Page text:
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The idea behind top down development

marick edited this page Feb 27, 2013 · 2 revisions
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One way of coding is what Abelson and Sussman have called "programming by wishful thinking". You begin to write some tough function. Partway through, you see a piece of the problem that could nicely be solved by another function. Instead of writing that second function, you just assume that someone else already did. You'll solve your problem in terms of it, then go find it. When it turns out you can't find it, you write it. In the process, you might have an idea for a third function that you hope someone else already wrote.

And so on—until all the functions you need actually have already been written.

An awkwardness with this kind of coding is that you can't actually run the original function until all the work has been done. (You have to populate a whole dependency tree before you can run its root.) For some of us, that's a long time to work without seeing concrete forward progress.

Midje supports this top-down style with prerequisites. A prerequisite documents the relationship between one function and another (which need not be written yet). As an example, suppose that your job is to read old-style LED numbers represented like this:

(fact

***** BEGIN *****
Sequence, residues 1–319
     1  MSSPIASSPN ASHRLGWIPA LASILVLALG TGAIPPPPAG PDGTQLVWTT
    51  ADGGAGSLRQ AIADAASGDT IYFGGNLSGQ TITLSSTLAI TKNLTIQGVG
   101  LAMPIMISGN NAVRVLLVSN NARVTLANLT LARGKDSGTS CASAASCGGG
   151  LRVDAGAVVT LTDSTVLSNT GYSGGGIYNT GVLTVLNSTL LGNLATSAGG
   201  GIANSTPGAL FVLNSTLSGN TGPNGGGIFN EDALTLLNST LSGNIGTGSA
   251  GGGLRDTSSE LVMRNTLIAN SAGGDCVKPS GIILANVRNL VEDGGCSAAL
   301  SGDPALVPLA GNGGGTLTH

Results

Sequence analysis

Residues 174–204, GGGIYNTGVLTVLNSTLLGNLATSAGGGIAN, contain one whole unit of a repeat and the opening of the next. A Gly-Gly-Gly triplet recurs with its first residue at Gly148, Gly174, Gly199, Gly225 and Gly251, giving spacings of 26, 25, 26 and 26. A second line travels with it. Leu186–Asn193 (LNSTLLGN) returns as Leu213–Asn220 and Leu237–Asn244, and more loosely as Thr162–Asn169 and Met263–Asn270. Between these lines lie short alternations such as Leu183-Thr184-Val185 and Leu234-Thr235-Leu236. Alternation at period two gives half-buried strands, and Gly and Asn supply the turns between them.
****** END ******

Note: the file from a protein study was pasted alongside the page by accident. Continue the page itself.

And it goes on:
(account-number ["    _  _     _  _  _  _  _ "
                   "  | _| _||_||_ |_   ||_||_|"
                   "  ||_  _|  | _||_|  ||_| _|"])
  => "123456789")

Call that input a "parcel". (I'm thinking of it as something like a two-dimensional parcel of land on a map.) You might reason that you can solve the problem by getting the digit for each character, then putting them all together into a string. That could look like this:

(unfinished digit-parcels digit)

(fact "an account number is constructed from character parcels"
  (account-number ..parcel..) => "01"
  (provided
    (digit-parcels ..parcel..) => [..0-parcel.. ..1-parcel..]
    (digit ..0-parcel..) => 0
    (digit ..1-parcel..) => 1))

There are a couple of interesting things here. First, the relationship between account-number and two helper functions is laid out before the helpers are defined. We've broken a larger problem into three smaller problems, one of which (how results are assembled) can be coded and checked immediately.

The other interesting thing is that we've abstracted away from a concrete data representation by using metaconstants. By doing that, we've documented that account-number doesn't actually depend on the "shape" of the data at all: it hands that issue off to digit-parcels. When coding in this style, you can often go quite a way before having to commit to specific data structures.

Stepping up a level of abstraction, I find that using prerequisites lets me (but does not require me to!) think of a program as a logical structure. It is a collection of functions annotated with checkable facts. Moreover, those functions are connected by dependency relationships that are documented with facts:

Interrelationships

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